A shorter time period extending one year longer than the Jama study, the Health Affairs study supports what is being said in the JAMA study. According to data from the Henry J. Kaiser Family Foundation, total health spending on the privately insured in the United States increased in real terms by nearly 20 percent from 2007 to 2014.

A more recent study funded by the Commonwealth Fund and published by Health Affairs examined other costs impacting healthcare. Commonwealth Fund supported researchers recently analyzed hospital and physician prices for inpatient and hospital-based outpatient services as well as for four high-volume services: cesarean section, vaginal delivery, hospital-based outpatient colonoscopy, and knee replacement. Its findings were as follows:

– From 2007 to 2014, hospital-prices for inpatient care grew 42 percent compared to 18 percent for physician-prices for inpatient hospital care
– For hospital-based outpatient care, hospital-prices rose 25 percent compared to 6 percent for physician-prices
– There was no difference in results between hospitals directly employing physicians and indirectly employing physicians
– Hospital prices accounted for over 60 percent of the total price of hospital-based care.
– Hospital prices accounted for most of the cost of the four high-volume services included in the study. The hospital component ranged from 61 percent for vaginal deliveries to 84 percent for knee replacements.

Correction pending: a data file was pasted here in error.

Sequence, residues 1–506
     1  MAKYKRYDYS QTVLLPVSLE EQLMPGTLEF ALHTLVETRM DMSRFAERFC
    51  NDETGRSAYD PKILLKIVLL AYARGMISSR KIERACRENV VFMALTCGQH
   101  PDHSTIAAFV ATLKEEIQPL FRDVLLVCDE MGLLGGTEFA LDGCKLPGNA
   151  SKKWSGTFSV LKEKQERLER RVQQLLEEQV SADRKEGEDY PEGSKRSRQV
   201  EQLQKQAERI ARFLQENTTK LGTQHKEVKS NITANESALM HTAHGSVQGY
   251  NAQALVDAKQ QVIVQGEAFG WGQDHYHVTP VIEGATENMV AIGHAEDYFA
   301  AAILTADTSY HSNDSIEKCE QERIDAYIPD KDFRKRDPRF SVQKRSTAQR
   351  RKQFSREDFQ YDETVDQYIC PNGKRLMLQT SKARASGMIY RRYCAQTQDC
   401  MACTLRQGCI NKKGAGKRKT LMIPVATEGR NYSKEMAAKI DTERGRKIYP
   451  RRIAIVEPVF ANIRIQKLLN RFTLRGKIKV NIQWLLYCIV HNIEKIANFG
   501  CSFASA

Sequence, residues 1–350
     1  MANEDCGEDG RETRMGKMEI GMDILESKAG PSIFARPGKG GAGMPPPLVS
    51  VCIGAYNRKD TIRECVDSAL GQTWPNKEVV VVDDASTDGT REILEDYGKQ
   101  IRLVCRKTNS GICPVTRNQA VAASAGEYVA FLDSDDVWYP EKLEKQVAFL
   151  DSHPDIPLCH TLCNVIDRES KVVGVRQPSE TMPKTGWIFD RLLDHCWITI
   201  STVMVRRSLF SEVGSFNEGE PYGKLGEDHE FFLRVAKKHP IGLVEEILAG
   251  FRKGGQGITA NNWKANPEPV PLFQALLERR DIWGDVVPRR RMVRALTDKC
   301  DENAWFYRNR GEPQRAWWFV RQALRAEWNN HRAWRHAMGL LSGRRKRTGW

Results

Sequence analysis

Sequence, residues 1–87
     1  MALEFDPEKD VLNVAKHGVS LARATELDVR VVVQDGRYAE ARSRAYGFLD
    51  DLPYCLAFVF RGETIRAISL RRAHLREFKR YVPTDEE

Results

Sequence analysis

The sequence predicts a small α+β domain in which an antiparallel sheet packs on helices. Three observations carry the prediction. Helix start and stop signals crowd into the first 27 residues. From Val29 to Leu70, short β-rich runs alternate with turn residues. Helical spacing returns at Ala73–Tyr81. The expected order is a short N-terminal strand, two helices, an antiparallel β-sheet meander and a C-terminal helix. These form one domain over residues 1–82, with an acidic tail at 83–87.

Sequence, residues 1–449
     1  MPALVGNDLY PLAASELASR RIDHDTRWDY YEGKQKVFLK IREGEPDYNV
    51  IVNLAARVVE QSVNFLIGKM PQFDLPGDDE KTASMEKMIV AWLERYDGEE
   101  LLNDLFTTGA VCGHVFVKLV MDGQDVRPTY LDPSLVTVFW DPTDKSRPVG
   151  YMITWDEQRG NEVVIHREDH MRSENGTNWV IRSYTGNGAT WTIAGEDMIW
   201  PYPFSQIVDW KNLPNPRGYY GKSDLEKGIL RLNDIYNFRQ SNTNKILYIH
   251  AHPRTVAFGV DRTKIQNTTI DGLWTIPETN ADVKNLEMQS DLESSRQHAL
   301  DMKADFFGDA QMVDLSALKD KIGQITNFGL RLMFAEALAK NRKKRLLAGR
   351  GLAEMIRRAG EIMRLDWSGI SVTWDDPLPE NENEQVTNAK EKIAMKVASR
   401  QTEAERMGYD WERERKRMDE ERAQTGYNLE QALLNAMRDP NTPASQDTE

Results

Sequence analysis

Sound familiar? The JAMA study looked at both in and out patient costs/prices associated with hospital services and said they were up. The Health Affairs study looks at in patient services for four high volume inpatient services stating they have increased significantly from 2007 to 2014.

What the Health Affairs study Showed

The Health Affairs study also presents a comparison of hospital pricing growth rates as compared to physician pricing growth rates. The study is only a few weeks old and I am surprised I am able to access as much information as I have. While Health Affairs admits the study is a start and more work differentiating other aspects must be done, the study suggests there are significant growth in the bargaining leverage of hospitals as compared to physicians.

If you recall Rusty “Tom” and I engaged in a number of different conversations on healthcare with one of them being hospital consolidations (2013). It is a power grab, as Rusty pointed out, for more market segment and pricing control with those having name-recognition gaining the most. Maggie Mahar also referenced the same issue.

In my own commentary On the Horizon After Obamacare (2014): As it stands and even with its faults, the ACA is a viable solution to many of the issues faced by the uninsured and under-insured; but in itself, it only addresses the delivery-half of the healthcare problem. The other half of the problem rests with the industry delivering the healthcare and the control of pricing through the inherent monopolistic power coming and pushing the industry into greater integration of delivery. As Longman and Hewitt posit,